Nutrient-Dense Snack ideas for IBS
Last updated: May 2019
It’s not uncommon for those with Irritable Bowel Syndrome (IBS) to experience poor appetite or intestinal discomfort as a regular part of life—others may only experience these symptoms when they eat certain foods. However, for those who avoid certain foods or have a poor appetite because of discomfort, nutrient sufficiency can be an issue. What’s more, lack of sufficient nutrients will almost always lead to fatigue. While diet alone cannot cure individuals with IBS, it can play a major role in making you feel less tired. If you have a poor appetite, don’t force yourself to eat a big meal in one sitting - try mini-meals or snacking throughout the day instead. Here are some great ideas that will nourish your body and may even calm an upset stomach.
A nutrient powerhouse, this high-protein and high-fiber breakfast food is a great way to start the day. Oatmeal contains nearly equal amounts of soluble and insoluble fiber. Soluble fiber can help lower blood pressure and decrease the risk for type 2 diabetes, and insoluble fiber can be beneficial for reducing constipation and abdominal discomfort by facilitating bowel movements. Beta-glucan, a compound in oats, has been shown to have a cholesterol-lowering effect. Oatmeal is also an excellent source of iron (46% of your daily needs), which is important for individuals with IBS who also have iron-deficiency anemia. If you are sensitive to gluten, choose gluten-free oats. You can also make oats in a slow-cooker or soak overnight.
Choose unflavored instant or quick-rolled oatmeal, which has a creamier texture and is easier on the gut. Pair it with lactose-free milk for bone-loving calcium, and sliced bananas for added fiber and potassium.
The smooth consistency and high nutrient density of this fruit makes it a smart choice for people with IBS. Avocados are an excellent source of fiber, potassium, vitamins C and K. They are also a good source of vitamin E, an antioxidant that maintains the immune system and protects against heart disease and some forms of cancer. Avocados are made of mono-unsaturated fats, which have been shown to lower LDL (bad) cholesterol levels.2 In addition, they contains lutein, a carotenoid that protects against eye diseases such as cataracts and macular degeneration.3 If whole-grain bread upsets your stomach, try sourdough bread - the flour is fermented before baking, so it can be easier to digest. Simply toast the bread, scoop out the avocado, spread onto the bread and enjoy!
These treats taste great and are digested easily. Try Lactaid (lactose-free milk) or fortified soy milk and add a variety of fruits such as papayas, bananas, or blueberries (pro tip: freeze the banana beforehand to add extra creamy thickness). Add silken tofu or peanut butter for some protein and a nuttier flavor. This nutrient dynamo provides you with fiber, protein, calcium, vitamins, minerals and antioxidants – all in one easy to make drink! Just put all the ingredients into a blender and pulse till smooth.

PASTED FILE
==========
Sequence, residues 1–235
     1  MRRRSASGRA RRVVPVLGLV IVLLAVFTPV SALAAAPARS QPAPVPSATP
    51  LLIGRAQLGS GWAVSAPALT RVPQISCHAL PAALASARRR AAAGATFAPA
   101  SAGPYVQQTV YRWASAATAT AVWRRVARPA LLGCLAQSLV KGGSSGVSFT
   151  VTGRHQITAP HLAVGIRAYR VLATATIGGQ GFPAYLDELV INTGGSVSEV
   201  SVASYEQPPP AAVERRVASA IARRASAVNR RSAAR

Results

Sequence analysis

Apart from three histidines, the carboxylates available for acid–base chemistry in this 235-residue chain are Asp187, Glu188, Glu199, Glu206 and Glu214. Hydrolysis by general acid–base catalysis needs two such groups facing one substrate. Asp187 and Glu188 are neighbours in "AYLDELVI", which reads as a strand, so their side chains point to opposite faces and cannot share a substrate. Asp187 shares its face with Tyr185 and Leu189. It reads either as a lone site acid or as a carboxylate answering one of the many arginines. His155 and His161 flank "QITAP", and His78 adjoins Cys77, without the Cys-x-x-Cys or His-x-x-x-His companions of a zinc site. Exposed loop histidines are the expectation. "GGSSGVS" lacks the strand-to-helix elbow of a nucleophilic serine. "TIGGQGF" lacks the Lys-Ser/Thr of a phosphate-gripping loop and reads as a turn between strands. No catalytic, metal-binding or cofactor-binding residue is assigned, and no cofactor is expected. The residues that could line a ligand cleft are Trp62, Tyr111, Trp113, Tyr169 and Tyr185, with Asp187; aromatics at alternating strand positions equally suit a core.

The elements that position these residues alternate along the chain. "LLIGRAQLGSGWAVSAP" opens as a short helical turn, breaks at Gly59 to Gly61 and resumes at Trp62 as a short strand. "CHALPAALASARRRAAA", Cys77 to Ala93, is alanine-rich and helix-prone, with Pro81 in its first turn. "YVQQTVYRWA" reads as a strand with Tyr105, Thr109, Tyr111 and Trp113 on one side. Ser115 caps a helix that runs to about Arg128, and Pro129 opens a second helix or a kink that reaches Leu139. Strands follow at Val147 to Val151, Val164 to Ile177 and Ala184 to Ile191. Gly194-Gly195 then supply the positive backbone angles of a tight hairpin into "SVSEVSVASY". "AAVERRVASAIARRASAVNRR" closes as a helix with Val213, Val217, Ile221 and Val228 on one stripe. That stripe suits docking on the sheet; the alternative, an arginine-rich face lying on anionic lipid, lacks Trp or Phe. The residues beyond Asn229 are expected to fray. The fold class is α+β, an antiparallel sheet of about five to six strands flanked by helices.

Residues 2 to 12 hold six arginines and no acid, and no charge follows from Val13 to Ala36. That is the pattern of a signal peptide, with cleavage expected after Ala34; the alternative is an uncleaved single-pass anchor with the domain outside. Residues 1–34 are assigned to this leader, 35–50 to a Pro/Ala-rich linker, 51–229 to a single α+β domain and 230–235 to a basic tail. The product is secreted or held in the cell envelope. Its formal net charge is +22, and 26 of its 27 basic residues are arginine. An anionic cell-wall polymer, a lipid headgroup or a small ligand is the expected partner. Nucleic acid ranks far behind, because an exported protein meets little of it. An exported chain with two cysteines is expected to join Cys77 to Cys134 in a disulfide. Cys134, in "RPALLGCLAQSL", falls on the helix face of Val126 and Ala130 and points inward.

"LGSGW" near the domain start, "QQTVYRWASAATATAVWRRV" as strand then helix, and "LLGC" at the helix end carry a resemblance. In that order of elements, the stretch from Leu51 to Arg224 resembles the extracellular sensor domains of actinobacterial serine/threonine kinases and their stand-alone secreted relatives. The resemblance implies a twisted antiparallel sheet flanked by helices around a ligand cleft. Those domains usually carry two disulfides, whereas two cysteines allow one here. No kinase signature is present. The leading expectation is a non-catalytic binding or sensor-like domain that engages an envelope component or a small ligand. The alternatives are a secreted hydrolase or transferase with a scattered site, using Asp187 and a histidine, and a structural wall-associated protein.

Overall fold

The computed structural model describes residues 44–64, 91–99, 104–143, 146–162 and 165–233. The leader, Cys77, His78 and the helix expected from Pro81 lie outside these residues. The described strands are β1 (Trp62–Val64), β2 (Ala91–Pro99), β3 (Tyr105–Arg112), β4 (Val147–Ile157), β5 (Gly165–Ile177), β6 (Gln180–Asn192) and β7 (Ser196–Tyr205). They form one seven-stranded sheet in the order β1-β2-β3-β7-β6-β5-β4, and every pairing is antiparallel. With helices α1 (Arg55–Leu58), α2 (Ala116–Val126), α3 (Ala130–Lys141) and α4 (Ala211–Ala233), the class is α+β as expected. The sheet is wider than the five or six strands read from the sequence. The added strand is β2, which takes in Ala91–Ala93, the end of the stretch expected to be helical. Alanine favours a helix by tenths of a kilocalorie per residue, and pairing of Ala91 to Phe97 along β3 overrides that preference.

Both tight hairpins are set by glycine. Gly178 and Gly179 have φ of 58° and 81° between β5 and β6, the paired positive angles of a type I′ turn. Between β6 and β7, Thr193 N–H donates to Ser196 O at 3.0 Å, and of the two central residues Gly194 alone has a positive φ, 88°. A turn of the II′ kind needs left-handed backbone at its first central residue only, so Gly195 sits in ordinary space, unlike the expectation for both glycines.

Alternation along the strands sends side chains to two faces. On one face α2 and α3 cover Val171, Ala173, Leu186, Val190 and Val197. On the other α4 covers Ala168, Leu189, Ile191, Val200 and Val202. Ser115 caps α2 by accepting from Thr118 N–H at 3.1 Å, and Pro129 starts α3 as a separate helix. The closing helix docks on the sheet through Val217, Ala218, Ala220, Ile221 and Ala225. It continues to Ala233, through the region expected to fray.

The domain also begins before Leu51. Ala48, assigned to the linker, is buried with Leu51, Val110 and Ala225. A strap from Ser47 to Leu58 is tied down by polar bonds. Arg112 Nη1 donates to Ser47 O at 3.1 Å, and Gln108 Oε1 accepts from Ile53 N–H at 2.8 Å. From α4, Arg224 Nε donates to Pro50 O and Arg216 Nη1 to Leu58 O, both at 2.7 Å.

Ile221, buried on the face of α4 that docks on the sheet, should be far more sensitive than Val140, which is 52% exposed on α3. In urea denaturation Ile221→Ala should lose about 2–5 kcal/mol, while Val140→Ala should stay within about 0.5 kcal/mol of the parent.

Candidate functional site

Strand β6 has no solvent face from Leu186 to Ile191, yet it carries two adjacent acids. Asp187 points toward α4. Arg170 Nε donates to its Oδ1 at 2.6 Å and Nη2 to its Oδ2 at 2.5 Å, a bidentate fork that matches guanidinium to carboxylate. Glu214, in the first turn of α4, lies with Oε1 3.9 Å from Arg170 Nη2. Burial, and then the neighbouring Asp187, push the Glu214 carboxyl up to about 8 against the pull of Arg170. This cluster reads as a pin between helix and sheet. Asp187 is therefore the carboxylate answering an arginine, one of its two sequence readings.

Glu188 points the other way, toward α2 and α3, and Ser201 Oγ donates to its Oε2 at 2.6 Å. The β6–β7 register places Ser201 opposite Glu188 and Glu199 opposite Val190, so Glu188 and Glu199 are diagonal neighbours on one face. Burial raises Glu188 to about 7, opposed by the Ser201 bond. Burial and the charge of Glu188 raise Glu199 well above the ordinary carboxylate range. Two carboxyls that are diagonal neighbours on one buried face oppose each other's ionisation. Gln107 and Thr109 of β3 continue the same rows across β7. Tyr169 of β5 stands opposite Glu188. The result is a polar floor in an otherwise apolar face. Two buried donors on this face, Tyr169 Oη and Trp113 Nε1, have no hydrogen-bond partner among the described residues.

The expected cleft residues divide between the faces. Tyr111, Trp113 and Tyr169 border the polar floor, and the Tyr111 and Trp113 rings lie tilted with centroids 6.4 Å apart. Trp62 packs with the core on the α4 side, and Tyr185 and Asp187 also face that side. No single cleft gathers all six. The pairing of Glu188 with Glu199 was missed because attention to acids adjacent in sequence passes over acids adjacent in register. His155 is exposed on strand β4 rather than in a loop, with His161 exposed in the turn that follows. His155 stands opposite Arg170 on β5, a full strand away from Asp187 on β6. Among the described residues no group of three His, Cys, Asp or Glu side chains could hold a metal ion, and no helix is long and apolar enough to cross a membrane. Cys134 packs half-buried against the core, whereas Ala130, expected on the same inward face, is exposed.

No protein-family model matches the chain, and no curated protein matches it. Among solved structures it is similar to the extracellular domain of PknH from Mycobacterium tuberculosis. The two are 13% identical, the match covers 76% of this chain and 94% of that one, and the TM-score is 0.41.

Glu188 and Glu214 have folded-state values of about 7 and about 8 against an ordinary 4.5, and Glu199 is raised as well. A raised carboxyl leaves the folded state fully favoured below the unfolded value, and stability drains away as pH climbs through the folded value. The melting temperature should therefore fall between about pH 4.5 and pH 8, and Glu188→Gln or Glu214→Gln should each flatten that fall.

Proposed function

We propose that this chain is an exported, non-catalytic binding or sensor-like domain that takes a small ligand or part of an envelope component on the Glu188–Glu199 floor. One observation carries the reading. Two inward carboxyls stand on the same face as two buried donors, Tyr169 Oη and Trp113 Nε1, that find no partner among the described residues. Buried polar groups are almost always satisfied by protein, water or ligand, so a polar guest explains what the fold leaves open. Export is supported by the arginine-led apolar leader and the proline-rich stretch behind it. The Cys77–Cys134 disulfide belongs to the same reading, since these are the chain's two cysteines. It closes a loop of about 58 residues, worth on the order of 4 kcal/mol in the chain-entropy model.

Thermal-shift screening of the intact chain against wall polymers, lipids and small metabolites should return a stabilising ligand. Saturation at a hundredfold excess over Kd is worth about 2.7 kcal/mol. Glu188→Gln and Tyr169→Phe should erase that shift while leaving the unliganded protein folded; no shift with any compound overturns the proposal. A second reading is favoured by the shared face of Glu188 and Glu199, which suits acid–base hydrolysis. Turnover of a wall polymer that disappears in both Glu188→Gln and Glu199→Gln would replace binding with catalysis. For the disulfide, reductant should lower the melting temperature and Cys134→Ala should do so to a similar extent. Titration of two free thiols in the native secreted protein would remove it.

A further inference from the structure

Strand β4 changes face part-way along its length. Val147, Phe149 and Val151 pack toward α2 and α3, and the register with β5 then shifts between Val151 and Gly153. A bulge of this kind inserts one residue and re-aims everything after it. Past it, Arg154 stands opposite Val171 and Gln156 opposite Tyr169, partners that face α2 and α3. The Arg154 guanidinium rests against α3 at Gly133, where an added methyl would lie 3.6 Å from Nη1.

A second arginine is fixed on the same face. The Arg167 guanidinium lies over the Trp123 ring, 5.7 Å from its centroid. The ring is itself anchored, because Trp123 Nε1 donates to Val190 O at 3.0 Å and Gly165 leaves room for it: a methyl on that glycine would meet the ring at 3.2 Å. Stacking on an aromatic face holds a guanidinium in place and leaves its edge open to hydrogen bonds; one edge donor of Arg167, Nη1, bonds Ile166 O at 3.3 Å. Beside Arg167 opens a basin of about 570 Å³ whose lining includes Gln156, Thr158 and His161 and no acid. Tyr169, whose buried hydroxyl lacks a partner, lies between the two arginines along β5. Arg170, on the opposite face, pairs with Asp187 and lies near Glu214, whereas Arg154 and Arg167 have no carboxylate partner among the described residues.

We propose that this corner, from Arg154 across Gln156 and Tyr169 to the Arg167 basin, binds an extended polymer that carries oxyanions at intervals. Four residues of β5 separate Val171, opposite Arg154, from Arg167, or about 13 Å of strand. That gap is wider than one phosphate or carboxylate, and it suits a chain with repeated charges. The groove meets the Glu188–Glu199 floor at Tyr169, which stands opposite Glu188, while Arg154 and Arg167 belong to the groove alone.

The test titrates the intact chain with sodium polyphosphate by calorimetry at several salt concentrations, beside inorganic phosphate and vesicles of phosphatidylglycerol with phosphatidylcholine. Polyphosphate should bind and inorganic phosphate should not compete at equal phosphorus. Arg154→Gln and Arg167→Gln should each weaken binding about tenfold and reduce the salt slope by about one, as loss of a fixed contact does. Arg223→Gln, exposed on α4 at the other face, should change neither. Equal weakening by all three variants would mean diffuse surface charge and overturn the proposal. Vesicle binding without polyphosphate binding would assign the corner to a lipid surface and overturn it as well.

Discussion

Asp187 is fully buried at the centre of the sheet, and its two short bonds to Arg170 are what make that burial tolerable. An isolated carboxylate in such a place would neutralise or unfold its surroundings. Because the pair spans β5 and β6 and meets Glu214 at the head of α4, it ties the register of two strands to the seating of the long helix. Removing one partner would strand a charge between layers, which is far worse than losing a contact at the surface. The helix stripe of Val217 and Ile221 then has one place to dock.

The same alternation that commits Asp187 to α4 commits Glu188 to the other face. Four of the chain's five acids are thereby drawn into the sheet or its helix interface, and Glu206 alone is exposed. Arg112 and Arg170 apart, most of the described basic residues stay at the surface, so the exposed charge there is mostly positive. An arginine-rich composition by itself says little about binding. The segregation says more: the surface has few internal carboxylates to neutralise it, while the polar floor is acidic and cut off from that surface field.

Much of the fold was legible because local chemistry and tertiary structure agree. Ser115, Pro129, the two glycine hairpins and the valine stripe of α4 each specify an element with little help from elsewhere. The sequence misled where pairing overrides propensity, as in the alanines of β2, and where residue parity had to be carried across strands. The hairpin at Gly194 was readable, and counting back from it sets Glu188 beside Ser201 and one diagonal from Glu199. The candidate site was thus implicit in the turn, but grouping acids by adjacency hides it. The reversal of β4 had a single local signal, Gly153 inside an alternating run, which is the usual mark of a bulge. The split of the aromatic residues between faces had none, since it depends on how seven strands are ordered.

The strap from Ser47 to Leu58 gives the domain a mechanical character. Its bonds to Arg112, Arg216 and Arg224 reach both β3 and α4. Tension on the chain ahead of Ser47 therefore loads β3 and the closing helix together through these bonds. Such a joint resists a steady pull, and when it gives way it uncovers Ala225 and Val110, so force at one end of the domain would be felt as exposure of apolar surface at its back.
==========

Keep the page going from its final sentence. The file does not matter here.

- ½ cup Lactaid or fortified soy milk, (add more for thinner consistency)
- ½ cup Bananas/blueberries
- 1 tablespoon Peanut butter
- 2 tablespoons Silken tofu
Pureed vegetable soups
A host of vegetables can be made into tasty and soothing soups. They make great mini-meals and provide you with fiber and a power-shot of important vitamins and minerals. Some vegetables that make wonderful purees include cauliflower, carrot, butternut squash, and roasted red pepper. You can purchase these vegetables ready-packaged for soup at your local supermarket – look for the low salt options. But if you have a regular or immersion blender, you can easily make this at home. Here is a simple recipe using butternut squash.
- 1 Tbsp olive oil
- 1 small onion, chopped
- 2 cloves garlic, minced
- 6 cups butternut squash, diced
- 4 cups chicken stock
- Salt/pepper to taste
- Heat olive oil in a large pot.
- Add onions, garlic and squash. Season with salt and pepper to taste.
- Pour in enough chicken stock to cover vegetables. Bring to a boil, then reduce heat to low. Cover and simmer for 40 minutes.
- Once vegetables are tender, transfer to a blender in batches to puree, or use immersion blender directly in pot and puree until the soup reaches desired consistency.
Just remember to always monitor your symptoms. IBS is a chronic disorder, and your triggers may change with time. So if you experience constipation or diarrhea more often with certain foods—cut them out and reintroduce at a later time. Also, IBS isn’t just impacted by the foods you eat; emotional stress can also cause symptoms.4 So, to ensure a strong appetite that will maximize your nutrient intake, keep a handle on stress!
Which of the following symptoms of IBS do you experience most frequently?